And we missed out on the coolest hostel in Santa Marta because of yet another National holiday.
Mistake: I underestimated the countries I visited
Advice: Research, Research, Research!
Some of my issues could have been easily resolved by researching the destinations more thoroughly. The following three areas caused me no end of grief!
Our biggest issue was that we seriously underestimated Argentina and as a result we spent a third of our entire travel budget in our first few months. Argentina has faced massive inflation in the past year or two but we only learned this on our outbound flight to Buenos Aires. Even the most recent Lonely Planet ‘South America on a Shoestring’ published in 2010 is wildly inaccurate when it comes to the cost of Argentina.
In an article on the issue of Argentina’s rising prices, the BBC states that: “The official statistics office, Indec, says inflation last year was a little over 10%. But many economists, opposition politicians and shoppers dispute that figure, believing the true figure to be between 25% and 30%. If that’s the case then inflation in Argentina is among the highest in the world.”
It is easy to believe that this could be the case. Our travel fund haemorrhaged in Argentina and there was nothing we could do about it. Unfortunately this meant that we had to drop equally expensive Brazil from our itinerary, thankfully our plans were flexible so this did not cause any issues with flights or further connections.
- National Holidays
In South America National Holidays are a big deal and many cities become ghost towns on these days. Hostels are full, buses are booked, restaurants and supermarkets are closed, tours are cancelled and ATMs run out of money. We have been affected by National Holiday Meltdown in Puerto Madryn, Mendoza, Santiago and Santa Marta. Do yourself a favour and look them up beforehand. That way you can book ahead and stock up on food and cash!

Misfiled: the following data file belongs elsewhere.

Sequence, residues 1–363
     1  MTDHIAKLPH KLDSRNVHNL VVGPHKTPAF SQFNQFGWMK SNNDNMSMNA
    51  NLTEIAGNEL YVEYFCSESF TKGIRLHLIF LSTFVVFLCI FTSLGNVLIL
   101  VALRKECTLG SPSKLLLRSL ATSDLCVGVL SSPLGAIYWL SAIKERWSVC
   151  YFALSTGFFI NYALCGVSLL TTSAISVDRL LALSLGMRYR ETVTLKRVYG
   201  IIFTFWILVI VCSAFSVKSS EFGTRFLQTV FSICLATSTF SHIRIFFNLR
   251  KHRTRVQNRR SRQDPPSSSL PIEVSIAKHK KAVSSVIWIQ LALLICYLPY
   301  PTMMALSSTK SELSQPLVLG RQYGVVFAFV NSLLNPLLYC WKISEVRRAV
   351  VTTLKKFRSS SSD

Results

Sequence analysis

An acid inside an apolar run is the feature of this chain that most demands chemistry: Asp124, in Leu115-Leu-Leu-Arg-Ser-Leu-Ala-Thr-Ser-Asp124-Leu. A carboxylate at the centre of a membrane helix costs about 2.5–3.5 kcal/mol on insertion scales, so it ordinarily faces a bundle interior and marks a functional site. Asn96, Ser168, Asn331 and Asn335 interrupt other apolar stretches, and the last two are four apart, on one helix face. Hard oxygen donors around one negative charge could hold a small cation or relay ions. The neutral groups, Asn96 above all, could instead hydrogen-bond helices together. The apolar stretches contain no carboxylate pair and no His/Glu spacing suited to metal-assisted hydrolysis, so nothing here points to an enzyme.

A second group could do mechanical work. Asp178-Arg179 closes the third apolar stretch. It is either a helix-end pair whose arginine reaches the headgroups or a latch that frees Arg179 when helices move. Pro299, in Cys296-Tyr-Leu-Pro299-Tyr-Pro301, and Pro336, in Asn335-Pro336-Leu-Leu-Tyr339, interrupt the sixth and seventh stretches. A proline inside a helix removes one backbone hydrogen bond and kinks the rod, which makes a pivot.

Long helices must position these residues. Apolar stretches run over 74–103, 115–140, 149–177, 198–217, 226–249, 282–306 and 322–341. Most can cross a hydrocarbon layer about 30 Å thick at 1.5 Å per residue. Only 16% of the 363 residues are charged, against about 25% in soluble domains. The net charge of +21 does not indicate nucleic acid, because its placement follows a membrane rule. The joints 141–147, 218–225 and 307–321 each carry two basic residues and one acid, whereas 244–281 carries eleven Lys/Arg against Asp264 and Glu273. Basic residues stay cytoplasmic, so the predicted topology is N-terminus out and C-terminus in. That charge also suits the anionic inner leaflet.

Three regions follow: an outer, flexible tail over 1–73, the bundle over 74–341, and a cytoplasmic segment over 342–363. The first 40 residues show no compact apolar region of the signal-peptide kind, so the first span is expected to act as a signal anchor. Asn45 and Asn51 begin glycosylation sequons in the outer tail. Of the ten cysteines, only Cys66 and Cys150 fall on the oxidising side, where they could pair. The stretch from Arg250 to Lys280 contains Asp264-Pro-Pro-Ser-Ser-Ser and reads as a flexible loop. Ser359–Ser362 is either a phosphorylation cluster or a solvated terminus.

When we planned our trip we envisaged eating steak on sun-drenched terraces, cooling our feet in warm tropical waters and lazing shamelessly in hostel hammocks. Some of the time at least. The reality of our situation is that we spent quite a lot of money on extra layers of woolly clothing because we didn’t have enough, shivered even inside the hostels, and didn’t see a beach until the very end of our trip. If we had planned it better we could have travelled later in the year or chosen a different route.
If I had been armed with some of this knowledge prior to our trip then parts of the journey would undoubtedly have run more smoothly. Thankfully none of these mistakes are serious and are all part of the learning curve of travelling.
What mistakes have you made when travelling?
I so want to try some Coca Tea. 🙂
Terri recently posted..Life Lessons: My First Solo Vacation
I really liked Coca tea. Such a shame I couldn’t bring any back with me!
Thanks for all the info. I plan on going to Peru this coming April/May and just started doing my research. Although I do plan to hike the Inca Trail to Machu Picchu, the most of my time is going to be spent off the coast surfing and I’ll be CouchSurfing along with staying in a hostel.
Ron | Active Planet Travels recently posted..St. Patricks Day!
Sounds like you’ve got a great trip ahead of you! I bet you can’t wait. I loved Peru and wish I could have stayed much longer.
I agree with the expense in Argentina, we were there in 2010 and the cost had gone up dramatically from 2009. Although we found that most of the people we tried to communicate with tried very hard to understand our very poor Spanish. The national holidays caught us by surprise as well, who knew that everything closes down, Thankfully some locals we befriend warned us to get everything we needed from the stores a day or two before the holiday.
Rob recently posted..Democracy
I think that hostels should inform their guests when a national holiday is coming up, in some places ATMs were totally out of money and as not many hostels accept credit cards people had to stay longer than they wanted because they couldn’t settle their bills! Argentina was better for locals trying to understand our poor Spanish, it was actually Chile that didn’t want to try most of the time!
Pretty much looking in the mirror here… we made most, if not all of these mistakes while we were traveling around the world last year.
I guess too often you get caught up in the traveling itself to worry about the little details like watching your expenses or what you eat. Hopefully someone will learn from what we’ve done wrong!